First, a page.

Inertial quantum sensing with Bose-Einstein condensates

by Ernst M. Rasel

Leibniz University Hannover
at Physics Colloquium

Mon, 25 Oct 2021, 16:10


Interferometry with Bose-Einstein Condensates (BECs) appears to be one of the most promising pathways for future matter wave interferometry and its application in metrology, fundamental physics, and last but not least in inertial sensing and gravimetry. Matter wave interferometers with laser cooled atoms surpass today’s classical gravimeters in long term stability and reach uncertainties of a few 10^(-8) m/s^2. Based on the ground breaking developments creating atom chips, especially, by J. Schmiedmayer, R. Folmann, J. Reichel and T. Hänsch, we developed methods to achieve miniaturized sources with a high flux of BECs, and tackled the detrimental influence of the mean-field energy. Benefiting from those developments, interferometers employing delta-kick collimated BECs make premises to exceed the state-of-the-art in several ways. They should perform with an uncertainty reduced by at least one order of magnitude due to the better control of the atomic ensemble. The extremely low effective temperatures allow for innovative methods to coherently manipulate the atoms giving rise to new interferometers for improving state-of-the-art gyroscopes, quantum tilt meters, gravimeters or gradiometers, generally, all inertial sensors. Moreover, the compactness of atom-chip based sources prepares the ground for radical miniaturization. This enables space-borne sensing, where the extended free fall shall improve the precision by several orders of magnitude with respect to present terrestrial interferometers. The successful creation of Rubidium Bose-Einstein condensate and demonstration of BEC interferometry in space pave the way for space-borne BEC interferometry.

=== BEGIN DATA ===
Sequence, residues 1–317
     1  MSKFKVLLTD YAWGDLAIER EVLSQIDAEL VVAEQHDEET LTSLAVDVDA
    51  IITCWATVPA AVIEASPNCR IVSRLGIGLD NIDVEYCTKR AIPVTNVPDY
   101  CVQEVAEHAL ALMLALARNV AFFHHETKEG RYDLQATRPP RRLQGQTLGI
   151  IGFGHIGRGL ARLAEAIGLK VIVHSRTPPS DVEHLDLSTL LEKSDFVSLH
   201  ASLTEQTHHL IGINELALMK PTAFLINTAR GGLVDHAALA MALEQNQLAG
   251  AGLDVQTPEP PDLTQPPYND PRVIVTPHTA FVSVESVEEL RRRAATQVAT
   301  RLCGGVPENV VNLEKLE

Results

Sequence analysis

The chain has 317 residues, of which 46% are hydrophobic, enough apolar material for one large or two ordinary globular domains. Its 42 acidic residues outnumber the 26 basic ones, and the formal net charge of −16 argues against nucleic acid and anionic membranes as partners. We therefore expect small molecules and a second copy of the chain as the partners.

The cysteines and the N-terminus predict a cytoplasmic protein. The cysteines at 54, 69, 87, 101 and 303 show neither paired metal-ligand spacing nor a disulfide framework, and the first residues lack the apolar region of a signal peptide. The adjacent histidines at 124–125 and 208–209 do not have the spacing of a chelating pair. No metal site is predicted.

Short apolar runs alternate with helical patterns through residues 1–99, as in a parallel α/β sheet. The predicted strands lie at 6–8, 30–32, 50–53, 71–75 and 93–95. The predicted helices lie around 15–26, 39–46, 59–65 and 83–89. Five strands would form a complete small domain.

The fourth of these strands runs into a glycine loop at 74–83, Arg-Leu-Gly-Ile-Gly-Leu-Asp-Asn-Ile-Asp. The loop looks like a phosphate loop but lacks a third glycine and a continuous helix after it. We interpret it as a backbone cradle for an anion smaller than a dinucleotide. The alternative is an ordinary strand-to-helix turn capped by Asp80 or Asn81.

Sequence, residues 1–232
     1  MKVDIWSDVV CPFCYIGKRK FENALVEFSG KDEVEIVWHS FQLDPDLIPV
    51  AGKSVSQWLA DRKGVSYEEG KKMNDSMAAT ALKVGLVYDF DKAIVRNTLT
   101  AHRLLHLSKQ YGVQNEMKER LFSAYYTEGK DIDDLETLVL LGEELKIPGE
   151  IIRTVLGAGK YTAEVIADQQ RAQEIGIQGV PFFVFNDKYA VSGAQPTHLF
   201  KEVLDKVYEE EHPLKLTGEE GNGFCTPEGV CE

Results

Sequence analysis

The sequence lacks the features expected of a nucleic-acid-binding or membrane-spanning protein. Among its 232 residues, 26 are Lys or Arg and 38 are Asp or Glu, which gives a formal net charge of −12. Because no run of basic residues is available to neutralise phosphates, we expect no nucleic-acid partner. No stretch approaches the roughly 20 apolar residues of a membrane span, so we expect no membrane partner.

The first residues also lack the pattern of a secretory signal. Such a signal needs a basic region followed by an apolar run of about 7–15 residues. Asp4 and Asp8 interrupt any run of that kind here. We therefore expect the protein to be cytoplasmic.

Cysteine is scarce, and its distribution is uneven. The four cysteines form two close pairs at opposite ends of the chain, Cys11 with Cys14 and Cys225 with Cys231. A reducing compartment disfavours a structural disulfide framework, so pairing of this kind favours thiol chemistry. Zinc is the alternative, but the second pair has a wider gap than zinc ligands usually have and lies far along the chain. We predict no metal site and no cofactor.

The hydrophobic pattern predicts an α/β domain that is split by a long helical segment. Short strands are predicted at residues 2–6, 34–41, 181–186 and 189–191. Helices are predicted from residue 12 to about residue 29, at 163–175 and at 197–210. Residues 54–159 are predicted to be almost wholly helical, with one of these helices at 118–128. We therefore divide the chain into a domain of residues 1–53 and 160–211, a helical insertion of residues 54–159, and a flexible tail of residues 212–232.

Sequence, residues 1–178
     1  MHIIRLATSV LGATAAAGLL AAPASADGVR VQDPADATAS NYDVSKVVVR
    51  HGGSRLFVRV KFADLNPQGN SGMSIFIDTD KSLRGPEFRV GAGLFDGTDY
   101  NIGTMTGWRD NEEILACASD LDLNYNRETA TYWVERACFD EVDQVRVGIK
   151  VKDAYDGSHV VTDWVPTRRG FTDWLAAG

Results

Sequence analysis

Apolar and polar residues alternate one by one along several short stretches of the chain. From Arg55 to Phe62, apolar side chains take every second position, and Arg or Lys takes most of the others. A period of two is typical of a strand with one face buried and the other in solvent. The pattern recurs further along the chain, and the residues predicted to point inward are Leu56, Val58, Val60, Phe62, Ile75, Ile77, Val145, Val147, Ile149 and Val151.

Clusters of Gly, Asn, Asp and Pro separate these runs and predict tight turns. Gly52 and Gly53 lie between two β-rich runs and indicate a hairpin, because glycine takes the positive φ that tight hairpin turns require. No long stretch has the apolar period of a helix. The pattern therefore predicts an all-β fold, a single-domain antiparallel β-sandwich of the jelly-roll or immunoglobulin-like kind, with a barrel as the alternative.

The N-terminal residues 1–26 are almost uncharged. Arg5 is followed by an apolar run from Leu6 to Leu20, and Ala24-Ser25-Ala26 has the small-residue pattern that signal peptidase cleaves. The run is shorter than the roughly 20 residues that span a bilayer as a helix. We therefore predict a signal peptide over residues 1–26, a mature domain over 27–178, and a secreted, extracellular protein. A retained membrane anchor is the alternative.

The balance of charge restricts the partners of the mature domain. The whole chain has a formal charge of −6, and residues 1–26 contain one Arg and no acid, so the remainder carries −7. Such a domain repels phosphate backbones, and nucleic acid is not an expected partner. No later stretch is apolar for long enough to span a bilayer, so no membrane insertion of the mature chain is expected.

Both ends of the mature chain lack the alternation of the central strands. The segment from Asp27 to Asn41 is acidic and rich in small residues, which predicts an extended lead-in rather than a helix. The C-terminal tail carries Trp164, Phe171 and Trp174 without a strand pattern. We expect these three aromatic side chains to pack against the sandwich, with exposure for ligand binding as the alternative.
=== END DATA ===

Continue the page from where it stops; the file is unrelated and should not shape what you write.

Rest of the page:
*** The Zoom link will be sent to all the department members on the day of the event. ***

Created on 16-10-2021 by Kats, Yevgeny (katsye)
Updaded on 20-10-2021 by Kats, Yevgeny (katsye)